Skip to main content

How to Break in Leather Boots: The Ultimate Guide for Men

Leather boots are, without a doubt, a staple in a well-dressed man’s wardrobe. The right boot will be wearable in all the right ways — but made all the better if you know how to break in leather boots. Like sorting out the best watches for your wardrobe or finding one of the best work jackets, footwear designers and shoe brands design the best men’s leather boots for maximum versatility and wearability.

However, you don’t often get there without a little hard-earned trial and error. We’re not talking about the grueling, age-old process of breaking in your boots right out of the box, wearing them to the point that you literally can’t wear them again until your feet heal.

We’re talking, of course, about a more intelligent, better way if you want to know how to break in leather boots. In short: Use the tools at your disposal, consider the type of leather boots you’re breaking in — how to break in cowboy boots is going to differ from how to break in hiking boots, for instance — and then follow those steps religiously.

Wash, rinse and repeat (figuratively speaking) with each new favorite pair of boots you purchase. If you’re anything like us, we will bet you can’t get enough of all the best men’s boots of the year. Get started adding to your boot collection ASAP, and know how to break in leather boots before you go.


Red Wing Heritage Moc Toe Boots

Lazy loaded image
Courtesy of Zappos


How to Break in Leather Boots: A Guide

Wear Those Boots Bit by Bit

There’s a tricky balance to strike with the most commonly made pairs of boots (like your trusty, classic style from Red Wing Boots). Wear them too much, and you’ll quickly end up with uncomfortable feet, bunched-up socks and even a dreaded blister (or many) if you’re not careful. Wearing said boots around the house briefly then extending that wear slowly is a helpful way to get that break-in process started. Don’t wear your leather boots right away for an 8-hour workday. Start around 2 hours, and work your way up from there.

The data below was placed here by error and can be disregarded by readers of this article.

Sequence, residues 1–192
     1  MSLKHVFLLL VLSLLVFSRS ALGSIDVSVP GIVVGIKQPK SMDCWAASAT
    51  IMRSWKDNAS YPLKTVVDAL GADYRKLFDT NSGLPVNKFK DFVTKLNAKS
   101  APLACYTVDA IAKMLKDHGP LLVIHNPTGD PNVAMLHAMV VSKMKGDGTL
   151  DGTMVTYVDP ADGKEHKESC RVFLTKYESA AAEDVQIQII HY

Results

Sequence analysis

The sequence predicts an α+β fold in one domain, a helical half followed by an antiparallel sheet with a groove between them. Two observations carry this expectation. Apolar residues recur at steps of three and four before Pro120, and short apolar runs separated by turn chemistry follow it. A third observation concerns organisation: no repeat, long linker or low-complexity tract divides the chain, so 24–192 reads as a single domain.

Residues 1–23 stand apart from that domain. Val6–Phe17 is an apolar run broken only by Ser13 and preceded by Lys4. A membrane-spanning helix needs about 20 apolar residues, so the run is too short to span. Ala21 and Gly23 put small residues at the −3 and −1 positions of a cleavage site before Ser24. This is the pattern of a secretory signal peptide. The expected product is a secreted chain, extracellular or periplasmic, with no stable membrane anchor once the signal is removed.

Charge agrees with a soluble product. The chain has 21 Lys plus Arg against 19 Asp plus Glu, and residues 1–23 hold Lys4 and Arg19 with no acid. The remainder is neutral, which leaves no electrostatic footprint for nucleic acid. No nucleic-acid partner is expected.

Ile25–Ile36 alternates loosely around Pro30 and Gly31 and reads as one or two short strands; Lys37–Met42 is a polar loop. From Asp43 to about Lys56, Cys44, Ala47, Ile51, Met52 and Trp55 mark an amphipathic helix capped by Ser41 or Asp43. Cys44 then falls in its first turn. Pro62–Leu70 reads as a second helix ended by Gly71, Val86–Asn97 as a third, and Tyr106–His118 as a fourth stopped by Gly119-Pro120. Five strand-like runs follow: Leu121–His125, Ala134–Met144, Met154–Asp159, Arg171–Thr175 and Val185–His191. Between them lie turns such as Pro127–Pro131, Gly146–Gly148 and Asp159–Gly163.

Related Stories

Wolverine Plain Toe 1000 Mile Boots

Lazy loaded image
Courtesy of Wolverine


Tools Are Your Boot’s Best Friend: Use Leather Conditioner

While some pairs of boots are incredibly supple straight from the box, there will inevitably be a break-in period as the footbed molds to your foot, and as the upper, in turn, gets used to your foot and its wear patterns. Of course, you should set the bar high and look for a pair of leather boots with high-quality, rugged (not cheap-feeling) vegetable-tanned (not chrome-tanned) leather. To help speed that process along, consider using both a leather conditioner and shoe polish.

Lazy loaded image
Courtesy of Amazon

For a softening effect, a leather conditioner takes even the most sturdy boots and helps soften and add a more supple touch that can protect and amplify new leather while also breathing new life into old leather. Shoe polish can aid further down the line, removing scuffs and unsightly marks on dress boots. Some boots, however, look better with a bit of wear and tear. We think this is the case for most boots, but the choice is up to you because even the most beat-up pair of boots needs a little TLC now and again.


Find the Right Socks — Seriously